Ozumo I Clio I Koi I Jewel Bako

Where do the real sake fans find what they're looking for? Not that old, hot, smells-like-petroleum, zap-it-in-the-microwave stuff you remember from bad sushi joints in the past, but the kind of sake that sings with the same complexity as great wine?
   It's out there: you just have to look. This month we've tracked down four places around the country that are pushing the frontiers of sake service, offering tasting flights, giving serious thought to how different sakes, from top producers, work with their cuisine. It's a movement that's growing.
   Note that sake isn't just for Japanese cuisine anymore, either. Roger Dagorn, Master Sommelier and maitre d' at Manhattan's Chanterelle, almost always includes at least one sake among the wine pairings that accompany the restaurant's prix-fixe tasting menus. Chanterelle's cuisine is contemporary French, though as Dagorn notes, "Nowadays that line has been crossed quite a bit. We use ingredients from all over - North Africa, China, Japan - and anything that has a certain Asian touch is already a good pairing for sake."
   On a recent menu Dagorn paired a Kaika Kazenoichirin junmai daiginjo with a salad of sea urchin, crab and shrimp, drizzled with pistachio oil vinaigrette and served with grapefruit. "There's no wine that works well with that dish, but sake does," he says. "Often sake's lack of acidity means that it works well with a dish that has a fair amount of acidity. You could possibly do a Champagne, but for this, sake is just perfect."
   Admittedly, some dishes are not sake-friendly: For rich stews or heavy roasts, bring on the Bordeaux. But Dagorn has even paired aged sakes with lamb and venison, in milder, more delicate preparations, with good results.
   "These days people are less hesitant to experiment," he says. "When it comes to sake, I don't convince everybody, but I do convince a good number. And on our tasting menu, when I go back to the table and ask them what our favorite pairing is, many times it's the one using sake."

> Ozumo I San Francisco
Giants fans at San Francisco's PacBell Park have been scarfing down yellowtail in the bleachers for the past several seasons, so it should come as no surprise to learn that ex-ball player Jeremy James, who made his way in the Japan Leagues, has a contemporary Japanese restaurant not half a mile away. When James returned home after a twelve-year career, he brought along a respect for fine Japanese cuisine, and consequently convinced Super Potato Co., a Japanese restaurant design group, to commission their first venture in the US.
   Ozumo calls itself a sushi bar, a robata grill and a sake lounge, but what stands out most is the impressive sake list, some thirty-four strong, with most available by the glass.
   Except for a nod toward tempura and a pristine selection of sushi, Executive Chef Sho Kamio's menu moves well beyond traditional Japanese fare. Dishes like unagi san (grilled freshwater eel and Sonoma foie gras with a Grand Marnier sauce) or futago (thinly sliced beef tenderloin, garlic sautˇed spinach and Japanese eggplant drizzled with miso-sesame sauce) give a hint that you're not in Kyoto anymore. Though this may sound suspiciously like 'fusion,' that dreaded late-eighties miasma of tastes, Chef Kamio's entire menu is really more an ode to umami, the elusive earthy fifth taste; and the only fusion at work here is a fusion of sensual textures and savory elements. And for each of these little umami sonatas, Ozumo's sake mistress, the aptly-named Harmony Niles, has a sake to pair.
   Remember umami when you take your next sip of sake. As a grain beverage, sake has no real fruit component to speak of, the way wine does. Nor does it always taste like grain. Instead, good sake is as much about texture as flavor, which makes it ideal for pairing with foods high in umami content.
   On one recent evening Niles presented two Dewazakura, one a ginjo (which like most sakes is pasteurized), the other an unpasteurized namazake. She paired these with a single kumomoto oyster served with a dollop of uni, alongside a kaiso salad of fresh Japanese seaweed. The ginjo tasted clean and lightly barleyed; the namazake on its own almost feral, ungainly and a little muddled - until put against food. Suddenly the more refined ginjo felt wan in the mouth, while all of the ungainly features of the namazake came into shape and gave contours to an otherwise amorphous mouthful. Umami meets umami: this is what you can expect at Ozumo.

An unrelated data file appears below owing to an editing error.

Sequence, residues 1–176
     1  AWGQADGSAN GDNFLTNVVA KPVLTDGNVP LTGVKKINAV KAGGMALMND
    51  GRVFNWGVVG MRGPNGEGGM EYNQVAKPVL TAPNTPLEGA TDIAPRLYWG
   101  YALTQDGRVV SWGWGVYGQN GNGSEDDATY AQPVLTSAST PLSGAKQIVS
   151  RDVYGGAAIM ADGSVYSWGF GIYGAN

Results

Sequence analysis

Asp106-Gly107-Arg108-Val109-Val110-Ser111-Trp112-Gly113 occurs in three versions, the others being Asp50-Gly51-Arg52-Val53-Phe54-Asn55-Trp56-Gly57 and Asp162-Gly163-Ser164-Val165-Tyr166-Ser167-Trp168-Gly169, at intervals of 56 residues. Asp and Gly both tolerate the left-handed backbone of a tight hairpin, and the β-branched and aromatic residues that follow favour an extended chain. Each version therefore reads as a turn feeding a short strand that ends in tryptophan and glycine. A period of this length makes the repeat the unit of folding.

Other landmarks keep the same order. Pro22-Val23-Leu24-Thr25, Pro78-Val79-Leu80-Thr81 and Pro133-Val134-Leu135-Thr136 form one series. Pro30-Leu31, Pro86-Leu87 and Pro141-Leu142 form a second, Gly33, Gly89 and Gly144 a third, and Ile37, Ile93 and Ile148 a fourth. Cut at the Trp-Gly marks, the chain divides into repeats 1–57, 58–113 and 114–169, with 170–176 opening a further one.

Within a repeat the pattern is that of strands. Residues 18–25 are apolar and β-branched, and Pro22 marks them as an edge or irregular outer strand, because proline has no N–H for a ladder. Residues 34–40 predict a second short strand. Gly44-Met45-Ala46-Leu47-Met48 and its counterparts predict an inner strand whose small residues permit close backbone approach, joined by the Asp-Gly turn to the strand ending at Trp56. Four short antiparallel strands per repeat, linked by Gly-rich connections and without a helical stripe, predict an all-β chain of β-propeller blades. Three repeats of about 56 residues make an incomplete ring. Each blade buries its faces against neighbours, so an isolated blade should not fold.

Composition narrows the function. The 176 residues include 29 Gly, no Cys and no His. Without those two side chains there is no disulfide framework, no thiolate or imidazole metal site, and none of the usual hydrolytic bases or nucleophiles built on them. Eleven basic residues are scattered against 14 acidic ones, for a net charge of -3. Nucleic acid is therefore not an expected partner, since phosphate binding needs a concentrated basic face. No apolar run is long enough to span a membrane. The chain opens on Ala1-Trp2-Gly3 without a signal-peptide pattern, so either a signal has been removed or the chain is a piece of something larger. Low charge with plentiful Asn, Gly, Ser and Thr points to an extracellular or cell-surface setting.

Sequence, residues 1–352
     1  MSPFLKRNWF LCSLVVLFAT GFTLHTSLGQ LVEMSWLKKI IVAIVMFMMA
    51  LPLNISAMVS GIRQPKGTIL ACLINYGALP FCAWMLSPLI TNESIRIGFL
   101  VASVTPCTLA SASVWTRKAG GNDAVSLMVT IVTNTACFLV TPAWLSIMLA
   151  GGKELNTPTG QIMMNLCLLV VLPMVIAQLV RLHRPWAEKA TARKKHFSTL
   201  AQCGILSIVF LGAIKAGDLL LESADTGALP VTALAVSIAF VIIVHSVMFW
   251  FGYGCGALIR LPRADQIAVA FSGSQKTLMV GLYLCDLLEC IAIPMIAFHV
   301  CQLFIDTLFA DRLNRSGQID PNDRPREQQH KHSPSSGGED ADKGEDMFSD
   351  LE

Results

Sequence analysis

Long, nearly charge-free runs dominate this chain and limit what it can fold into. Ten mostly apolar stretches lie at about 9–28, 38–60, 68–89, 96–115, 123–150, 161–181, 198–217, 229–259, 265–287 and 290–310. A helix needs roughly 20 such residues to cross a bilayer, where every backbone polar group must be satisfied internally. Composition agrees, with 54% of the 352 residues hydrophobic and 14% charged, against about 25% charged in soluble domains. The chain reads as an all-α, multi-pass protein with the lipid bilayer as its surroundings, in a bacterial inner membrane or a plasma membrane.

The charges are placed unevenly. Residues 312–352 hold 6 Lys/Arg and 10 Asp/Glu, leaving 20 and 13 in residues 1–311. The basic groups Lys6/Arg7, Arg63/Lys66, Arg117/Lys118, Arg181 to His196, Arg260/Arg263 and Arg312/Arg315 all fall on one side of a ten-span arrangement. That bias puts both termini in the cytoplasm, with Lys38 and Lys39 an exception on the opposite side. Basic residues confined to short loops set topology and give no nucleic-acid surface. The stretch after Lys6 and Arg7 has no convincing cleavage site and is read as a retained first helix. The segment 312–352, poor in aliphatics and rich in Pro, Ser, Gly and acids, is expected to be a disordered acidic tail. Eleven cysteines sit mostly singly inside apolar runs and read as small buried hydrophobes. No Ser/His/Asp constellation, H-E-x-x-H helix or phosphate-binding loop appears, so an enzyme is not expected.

Ozumo, 161 Steaurt St., San Francisco, CA; 415-882-1333
- Michael Kinney & Patrick J. Comiskey


> Clio I Boston
Boston Chef Ken Oringer of Clio wasn't awarded the 2001 James Beard award for "Best Chef in the Northeast" for timidity. Oringer's been thumbing his nose at the conservative class here since he opened in 1997, charging a fortune for diminutive dishes sprinkled with esoteric ingredients, such as argan oil, bee pollen and onion seeds. That's why news of his opening a sashimi bar last year in the former lounge at Clio got so much buzz, as locals wondered what he could possibly do better than a Japanese master sushi chef. Plenty, apparently. Oringer sources exotic edibles from Ecuador to the South China Sea, seafood so fresh, he'll tell you, that when he shucks scallops in front of guests, "the scallop buckles away from the salt as it is applied."
   Naturally, oenophiles want to know what to pair with this nearly live bait. The answer is sake, which is why sommelier Beth Iannicelli went on a tasting mission. "I had to learn a whole new vocabulary," she says, "and relearn the flavors of rice, as opposed to grapes." Iannicelli, along with Oringer and sashimi bar chef Nathan Tasato, tasted at least 60 sakes over several months to find a manageable range of ten for their list, with the finalists chosen for their affinity with Clio's food. "Much like wine, we can pair dry and crisp and fragrant sakes with delicate dishes," Tasato explains, "such as the Y Sake 'Snow' daiginjo nigori, which goes well with our with fried tempura and its soy-dashi dipping sauce and miso aioli." Iannicelli, who eschews warm sake, feeling that it masks flaws, lists her chilled sakes under sensual headings. For instance, under "Fragrant" she suggests a Ken daiginjo from Fukushima; under "Light & Smooth," Hakushika junmai ginjo from Hyogo.
   "The demand," says Iannicelli, "has been tremendous. Ninety percent of the people who come to the lounge drink sake with their meals, and then they move on to sake cocktails, such as our 'Silk Kimono' (Momokawa Asian pear-infused sake, Midori and orange juice) or our 'Ginko-Bai' (plum-infused sake with Spicy Mountain Peach Tea)." Training the staff to understand sake has been crucial, too; Iannicelli says that the waitstaff's confidence has proven invaluable. "We don't do flights," says Iannicelli, "but the waiters are fantastic about encouraging tables to try several styles - depending on what they order - served in 2-ounce or 3-ounce bamboo cups that everyone shares." Perhaps the ultimate test of the sake program's success has been its migration into the main dining room. "Ken's menu upstairs often includes a sashimi special or a sashimi tasting," Iannicelli notes, "and many diners, without prompting, are now asking for sakes they've tasted down here."